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Save us from the clusterfuckmageddon. Brexiteer treachery as Britain burns.

MALCOLM Tucker might have called it a “clusterf***mageddon”. Everyone said that last week’s treacherous political infighting was was like Shakespearean tragedy, but it resembled more The Thick Of It – the show producer Armando Iannucci says he can’t bring back because politics is now beyond satire. It’s just not funny any more.

The parade of vain and shallow egos squabbling amongst themselves over who should captain the respective sinking ships of Labour and the Tories has dismayed the nation. The entire Westminster political leadership, government and opposition is bereft of vision, unity, leadership or the foggiest idea of what to do about Brexit. This is Britain’s greatest crisis since the Second World War as the economy tanks and the country crashes out of the EU without a plan.The world is looking on in horrified amazement.

Crisis doesn’t get much worse than this outside wartime. Perhaps the aftermath of Britain’s departure from the gold standard during the Great Depression might come close. That geo-economic crisis led ultimately to the splitting of the Labour Party under Ramsay MacDonald in 1931. It left Britain in the hands of a bland, safety-first Tory prime minister in the shape of Stanley Baldwin, eclipsing more charismatic Tories including an ambitious journalist, Winston Churchill. Theresa May might fit the Baldwin bill.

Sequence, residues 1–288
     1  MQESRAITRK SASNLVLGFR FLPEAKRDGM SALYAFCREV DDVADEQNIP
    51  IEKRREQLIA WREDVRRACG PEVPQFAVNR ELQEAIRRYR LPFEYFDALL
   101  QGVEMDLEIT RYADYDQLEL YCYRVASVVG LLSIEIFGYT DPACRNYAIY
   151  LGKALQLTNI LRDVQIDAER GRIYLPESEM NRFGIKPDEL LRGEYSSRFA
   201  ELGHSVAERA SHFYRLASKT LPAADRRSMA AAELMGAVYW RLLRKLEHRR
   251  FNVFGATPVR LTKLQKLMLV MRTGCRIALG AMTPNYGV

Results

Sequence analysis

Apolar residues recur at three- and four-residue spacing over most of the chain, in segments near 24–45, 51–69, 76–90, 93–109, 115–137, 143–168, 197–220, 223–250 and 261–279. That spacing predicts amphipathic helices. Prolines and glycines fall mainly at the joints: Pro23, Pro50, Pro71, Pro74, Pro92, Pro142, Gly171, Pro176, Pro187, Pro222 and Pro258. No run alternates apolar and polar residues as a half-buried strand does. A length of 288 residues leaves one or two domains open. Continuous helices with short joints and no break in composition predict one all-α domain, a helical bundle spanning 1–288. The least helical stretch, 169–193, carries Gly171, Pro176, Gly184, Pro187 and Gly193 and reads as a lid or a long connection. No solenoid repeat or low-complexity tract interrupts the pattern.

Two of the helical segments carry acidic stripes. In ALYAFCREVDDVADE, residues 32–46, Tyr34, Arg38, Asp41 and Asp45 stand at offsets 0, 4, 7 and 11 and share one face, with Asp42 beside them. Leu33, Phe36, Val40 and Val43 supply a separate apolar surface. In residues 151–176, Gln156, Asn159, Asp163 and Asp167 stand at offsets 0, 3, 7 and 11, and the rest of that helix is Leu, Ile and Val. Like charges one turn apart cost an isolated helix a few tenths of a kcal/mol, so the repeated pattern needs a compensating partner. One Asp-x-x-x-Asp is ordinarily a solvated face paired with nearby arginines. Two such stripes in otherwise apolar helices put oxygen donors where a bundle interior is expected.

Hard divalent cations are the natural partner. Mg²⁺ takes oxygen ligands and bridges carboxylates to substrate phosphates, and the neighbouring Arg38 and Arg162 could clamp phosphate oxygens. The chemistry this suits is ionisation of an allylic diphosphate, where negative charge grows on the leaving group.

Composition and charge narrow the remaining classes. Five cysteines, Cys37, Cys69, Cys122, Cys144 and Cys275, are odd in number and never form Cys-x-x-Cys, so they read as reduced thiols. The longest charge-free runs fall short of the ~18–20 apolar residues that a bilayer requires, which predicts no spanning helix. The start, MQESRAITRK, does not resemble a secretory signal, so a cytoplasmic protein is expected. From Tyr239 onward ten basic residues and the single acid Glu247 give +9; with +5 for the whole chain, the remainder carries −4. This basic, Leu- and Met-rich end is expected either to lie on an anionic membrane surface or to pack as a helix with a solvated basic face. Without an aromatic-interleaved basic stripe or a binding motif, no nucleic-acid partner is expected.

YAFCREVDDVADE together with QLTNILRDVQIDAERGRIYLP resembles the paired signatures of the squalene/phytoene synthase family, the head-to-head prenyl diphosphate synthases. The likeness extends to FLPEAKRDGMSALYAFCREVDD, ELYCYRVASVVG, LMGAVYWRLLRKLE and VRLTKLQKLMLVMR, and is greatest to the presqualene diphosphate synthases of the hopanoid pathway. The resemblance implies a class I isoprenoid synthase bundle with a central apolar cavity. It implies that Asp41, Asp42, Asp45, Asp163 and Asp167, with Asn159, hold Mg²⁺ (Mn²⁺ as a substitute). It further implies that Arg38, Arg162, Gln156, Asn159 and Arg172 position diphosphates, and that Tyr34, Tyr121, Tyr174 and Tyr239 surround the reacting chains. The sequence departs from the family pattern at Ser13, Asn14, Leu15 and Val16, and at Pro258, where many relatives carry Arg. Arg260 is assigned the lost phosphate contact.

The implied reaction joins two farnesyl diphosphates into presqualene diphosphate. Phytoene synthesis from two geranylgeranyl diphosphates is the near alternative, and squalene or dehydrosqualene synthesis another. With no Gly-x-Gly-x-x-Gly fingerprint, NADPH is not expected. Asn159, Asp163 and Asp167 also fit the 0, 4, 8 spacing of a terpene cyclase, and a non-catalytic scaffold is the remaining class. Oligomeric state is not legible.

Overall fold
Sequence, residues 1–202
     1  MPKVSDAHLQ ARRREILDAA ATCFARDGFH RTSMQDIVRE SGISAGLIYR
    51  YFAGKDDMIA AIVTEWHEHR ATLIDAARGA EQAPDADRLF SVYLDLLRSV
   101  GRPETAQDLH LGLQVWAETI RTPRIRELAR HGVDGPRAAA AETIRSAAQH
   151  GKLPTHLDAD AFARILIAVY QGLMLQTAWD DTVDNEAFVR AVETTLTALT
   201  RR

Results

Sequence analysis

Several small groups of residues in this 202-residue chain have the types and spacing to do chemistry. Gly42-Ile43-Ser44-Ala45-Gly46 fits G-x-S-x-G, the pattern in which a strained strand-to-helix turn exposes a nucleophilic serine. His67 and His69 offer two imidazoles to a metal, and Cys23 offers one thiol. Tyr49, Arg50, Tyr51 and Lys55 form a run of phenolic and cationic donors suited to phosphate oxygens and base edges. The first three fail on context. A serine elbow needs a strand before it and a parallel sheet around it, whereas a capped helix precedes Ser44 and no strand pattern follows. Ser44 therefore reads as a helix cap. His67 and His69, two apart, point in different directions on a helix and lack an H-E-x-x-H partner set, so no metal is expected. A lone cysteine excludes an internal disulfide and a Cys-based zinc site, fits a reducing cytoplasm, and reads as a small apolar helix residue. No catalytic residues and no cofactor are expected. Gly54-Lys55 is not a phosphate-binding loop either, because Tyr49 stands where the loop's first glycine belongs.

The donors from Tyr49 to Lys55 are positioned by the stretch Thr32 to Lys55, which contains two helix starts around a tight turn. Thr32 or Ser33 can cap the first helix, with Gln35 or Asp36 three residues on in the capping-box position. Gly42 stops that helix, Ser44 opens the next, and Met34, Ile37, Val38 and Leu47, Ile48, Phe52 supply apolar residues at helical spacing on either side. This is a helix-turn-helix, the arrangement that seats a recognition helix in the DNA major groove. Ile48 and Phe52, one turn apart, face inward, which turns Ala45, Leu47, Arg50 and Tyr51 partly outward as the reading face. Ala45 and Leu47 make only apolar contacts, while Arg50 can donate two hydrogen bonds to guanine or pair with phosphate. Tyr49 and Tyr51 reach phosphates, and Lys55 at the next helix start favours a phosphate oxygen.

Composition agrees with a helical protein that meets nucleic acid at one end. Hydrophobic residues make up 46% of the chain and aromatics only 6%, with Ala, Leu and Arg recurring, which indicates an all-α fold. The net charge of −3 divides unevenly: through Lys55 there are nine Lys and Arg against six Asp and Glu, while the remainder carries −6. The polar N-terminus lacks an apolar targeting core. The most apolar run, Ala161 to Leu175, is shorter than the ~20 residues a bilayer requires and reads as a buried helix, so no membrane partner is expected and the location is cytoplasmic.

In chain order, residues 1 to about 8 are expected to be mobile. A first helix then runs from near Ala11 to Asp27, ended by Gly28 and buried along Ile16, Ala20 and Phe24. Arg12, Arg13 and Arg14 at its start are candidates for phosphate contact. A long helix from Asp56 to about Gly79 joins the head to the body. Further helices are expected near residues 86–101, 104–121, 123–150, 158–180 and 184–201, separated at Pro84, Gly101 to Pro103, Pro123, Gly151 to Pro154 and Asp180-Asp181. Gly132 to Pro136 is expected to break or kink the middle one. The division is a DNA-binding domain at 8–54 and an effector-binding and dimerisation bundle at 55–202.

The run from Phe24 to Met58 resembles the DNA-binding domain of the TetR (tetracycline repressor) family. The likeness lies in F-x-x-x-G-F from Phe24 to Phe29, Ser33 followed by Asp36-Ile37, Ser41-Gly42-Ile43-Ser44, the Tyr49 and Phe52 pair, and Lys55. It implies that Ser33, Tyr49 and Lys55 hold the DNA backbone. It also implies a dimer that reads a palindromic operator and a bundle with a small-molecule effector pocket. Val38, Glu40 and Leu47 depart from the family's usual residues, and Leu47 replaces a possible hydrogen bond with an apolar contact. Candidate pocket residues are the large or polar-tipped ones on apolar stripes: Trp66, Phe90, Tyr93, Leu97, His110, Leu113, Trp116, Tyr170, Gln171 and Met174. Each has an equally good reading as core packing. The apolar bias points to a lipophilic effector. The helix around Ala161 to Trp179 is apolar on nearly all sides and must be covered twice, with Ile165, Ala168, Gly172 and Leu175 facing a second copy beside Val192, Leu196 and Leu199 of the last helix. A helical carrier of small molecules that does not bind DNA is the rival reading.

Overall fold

But looking for historical parallels only serves to flatter the hollow men. These well-paid and privileged “servants of the people” have been serving only themselves; exposing their intellectual and moral bankruptcy. They don’t deserve to be seen as history-makers, even though they are making history of a sort as the worst generation of politicians Britain has ever had the misfortune to elect.

No-one escapes from clusterf***mageddon unscathed, certainly not Labour which has staged its own botched coup. But we must begin with the Tories who, after all, are supposed to be the Government – though no-one seems to have told David Cameron. The Prime Minister called the EU referendum and cannot escape his share of responsibility for the outcome. Yet, in pique, he has taken his ball away the better to show how the substitutes don’t deserve to get a kick of it.